Monday, 22 July 2013

Iceland's cultural lifeline from deep water

This is an extract  from my Daily Record column, which you can read in the paper each Monday 

 The Deep - Iceland's Oscar entry for best foreign language film.

From Scalloway to Kirkcudbright, anyone who has spent time in a fishing community will recognise the hard drinking, chain-smoking trawlermen in "The Deep", the first big Icelandic movie since the banking crash.

Set in a north island fishing port in 1984, the drama is the incredible true story how an unassuming fisherman survived a shipwreck by swimming for five hours in the ice cold Atlantic.

Fellow crewmen were killed in sea temperatures that should have seen him off in 15 minutes. Somehow he made it ashore and walked barefoot across a lavafield into his island fishing village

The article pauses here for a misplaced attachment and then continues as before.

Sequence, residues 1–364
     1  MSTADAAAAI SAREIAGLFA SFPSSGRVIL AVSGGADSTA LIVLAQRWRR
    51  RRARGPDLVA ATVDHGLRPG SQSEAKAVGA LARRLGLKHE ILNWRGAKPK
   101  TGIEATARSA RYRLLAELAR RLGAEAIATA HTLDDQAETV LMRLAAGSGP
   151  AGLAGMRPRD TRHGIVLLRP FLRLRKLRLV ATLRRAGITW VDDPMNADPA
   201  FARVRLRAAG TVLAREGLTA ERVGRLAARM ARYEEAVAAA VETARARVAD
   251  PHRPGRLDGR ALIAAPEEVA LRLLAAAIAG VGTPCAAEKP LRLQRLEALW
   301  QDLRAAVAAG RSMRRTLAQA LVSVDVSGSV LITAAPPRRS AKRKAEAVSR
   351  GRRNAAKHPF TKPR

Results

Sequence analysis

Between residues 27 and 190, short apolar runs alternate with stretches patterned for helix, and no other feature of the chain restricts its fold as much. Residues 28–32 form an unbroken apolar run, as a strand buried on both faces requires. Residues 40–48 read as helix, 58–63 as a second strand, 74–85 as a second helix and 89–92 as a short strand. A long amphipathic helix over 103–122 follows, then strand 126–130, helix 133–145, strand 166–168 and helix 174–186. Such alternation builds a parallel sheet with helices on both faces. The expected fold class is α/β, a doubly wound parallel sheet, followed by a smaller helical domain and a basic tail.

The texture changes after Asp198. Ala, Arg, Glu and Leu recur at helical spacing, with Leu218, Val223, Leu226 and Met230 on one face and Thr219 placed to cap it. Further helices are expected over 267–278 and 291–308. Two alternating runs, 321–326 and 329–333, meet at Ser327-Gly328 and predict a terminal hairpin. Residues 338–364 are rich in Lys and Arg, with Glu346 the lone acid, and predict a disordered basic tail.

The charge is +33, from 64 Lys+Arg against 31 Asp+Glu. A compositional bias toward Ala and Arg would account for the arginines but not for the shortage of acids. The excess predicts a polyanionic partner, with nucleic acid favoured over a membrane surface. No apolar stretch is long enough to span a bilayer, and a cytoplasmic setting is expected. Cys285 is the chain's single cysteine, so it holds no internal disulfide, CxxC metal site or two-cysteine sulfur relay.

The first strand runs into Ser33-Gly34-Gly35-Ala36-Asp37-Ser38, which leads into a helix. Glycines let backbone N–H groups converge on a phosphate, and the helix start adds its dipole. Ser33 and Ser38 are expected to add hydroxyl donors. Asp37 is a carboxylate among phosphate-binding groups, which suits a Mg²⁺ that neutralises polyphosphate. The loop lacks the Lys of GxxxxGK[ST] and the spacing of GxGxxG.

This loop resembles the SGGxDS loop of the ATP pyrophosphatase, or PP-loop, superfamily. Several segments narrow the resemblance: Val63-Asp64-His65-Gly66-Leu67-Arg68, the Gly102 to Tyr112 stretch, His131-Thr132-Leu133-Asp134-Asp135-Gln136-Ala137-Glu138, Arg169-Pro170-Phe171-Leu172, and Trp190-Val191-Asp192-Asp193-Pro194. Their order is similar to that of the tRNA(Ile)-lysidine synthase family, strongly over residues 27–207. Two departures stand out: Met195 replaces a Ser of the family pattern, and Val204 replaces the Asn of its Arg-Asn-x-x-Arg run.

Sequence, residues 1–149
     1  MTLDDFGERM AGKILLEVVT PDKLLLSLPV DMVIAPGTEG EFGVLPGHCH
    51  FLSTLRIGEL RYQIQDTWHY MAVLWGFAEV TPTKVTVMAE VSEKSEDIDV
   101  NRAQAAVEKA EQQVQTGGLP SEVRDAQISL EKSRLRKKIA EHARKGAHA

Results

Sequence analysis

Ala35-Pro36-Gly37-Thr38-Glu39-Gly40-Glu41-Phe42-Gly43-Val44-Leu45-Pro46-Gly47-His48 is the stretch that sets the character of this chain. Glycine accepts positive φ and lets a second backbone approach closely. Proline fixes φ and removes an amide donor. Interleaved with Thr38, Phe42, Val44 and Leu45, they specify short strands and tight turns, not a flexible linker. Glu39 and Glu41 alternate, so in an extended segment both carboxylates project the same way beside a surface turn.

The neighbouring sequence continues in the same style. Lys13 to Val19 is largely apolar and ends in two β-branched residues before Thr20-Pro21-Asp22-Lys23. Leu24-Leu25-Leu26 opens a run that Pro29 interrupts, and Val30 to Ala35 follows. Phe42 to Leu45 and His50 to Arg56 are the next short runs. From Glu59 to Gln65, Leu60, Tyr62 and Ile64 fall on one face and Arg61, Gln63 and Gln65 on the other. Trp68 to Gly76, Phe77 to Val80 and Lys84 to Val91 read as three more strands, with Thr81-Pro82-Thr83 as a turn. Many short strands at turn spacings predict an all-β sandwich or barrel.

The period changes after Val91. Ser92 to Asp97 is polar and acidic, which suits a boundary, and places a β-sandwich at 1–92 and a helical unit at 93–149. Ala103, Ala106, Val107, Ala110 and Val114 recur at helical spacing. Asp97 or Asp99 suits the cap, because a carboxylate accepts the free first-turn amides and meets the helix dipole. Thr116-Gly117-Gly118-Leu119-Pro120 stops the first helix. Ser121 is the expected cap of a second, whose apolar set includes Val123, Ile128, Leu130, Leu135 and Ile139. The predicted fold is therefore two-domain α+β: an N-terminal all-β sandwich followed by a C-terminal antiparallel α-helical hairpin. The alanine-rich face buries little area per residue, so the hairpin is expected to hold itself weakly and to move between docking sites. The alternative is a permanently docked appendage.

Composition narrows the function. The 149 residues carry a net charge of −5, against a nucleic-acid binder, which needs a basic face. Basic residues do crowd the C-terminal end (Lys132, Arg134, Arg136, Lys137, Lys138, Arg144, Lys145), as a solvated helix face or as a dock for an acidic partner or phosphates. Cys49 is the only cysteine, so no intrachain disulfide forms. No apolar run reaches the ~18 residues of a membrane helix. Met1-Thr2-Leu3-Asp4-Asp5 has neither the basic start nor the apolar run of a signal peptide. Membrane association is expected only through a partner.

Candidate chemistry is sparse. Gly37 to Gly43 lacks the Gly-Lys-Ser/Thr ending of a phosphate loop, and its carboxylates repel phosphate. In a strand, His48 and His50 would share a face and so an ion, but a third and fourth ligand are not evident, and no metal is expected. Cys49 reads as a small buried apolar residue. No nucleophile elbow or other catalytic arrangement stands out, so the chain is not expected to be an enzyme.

The tone is pitch perfect, from the traffic cones as ship's fenders to the ordinary, unpatronising way the characters are portrayed.

The message for an Icelandic audience is not hard to fathom.

The film makers reached back into living memory and dragged up a forgotten legend to inspire them again.

This simple, noble fishing nation snagged itself on the rocks of international finance. Their boat sank and the situation looked grave.

But against the odds a plucky everyman makes it to shore, and goes back to the boats, the only trade he knows.

As they said in Iceland after the crash, 'we can always go fishing'.

Nations are the stories that they tell themselves.

In Scotland commissioned scripts are generally about heroic characters overcoming drugstrewn, urban backgrounds. That is unless they are about downtrodden characters swallowed up by drugstrewn, criminal backgrounds.

For our film industry The Deep is a cultural look and learn.

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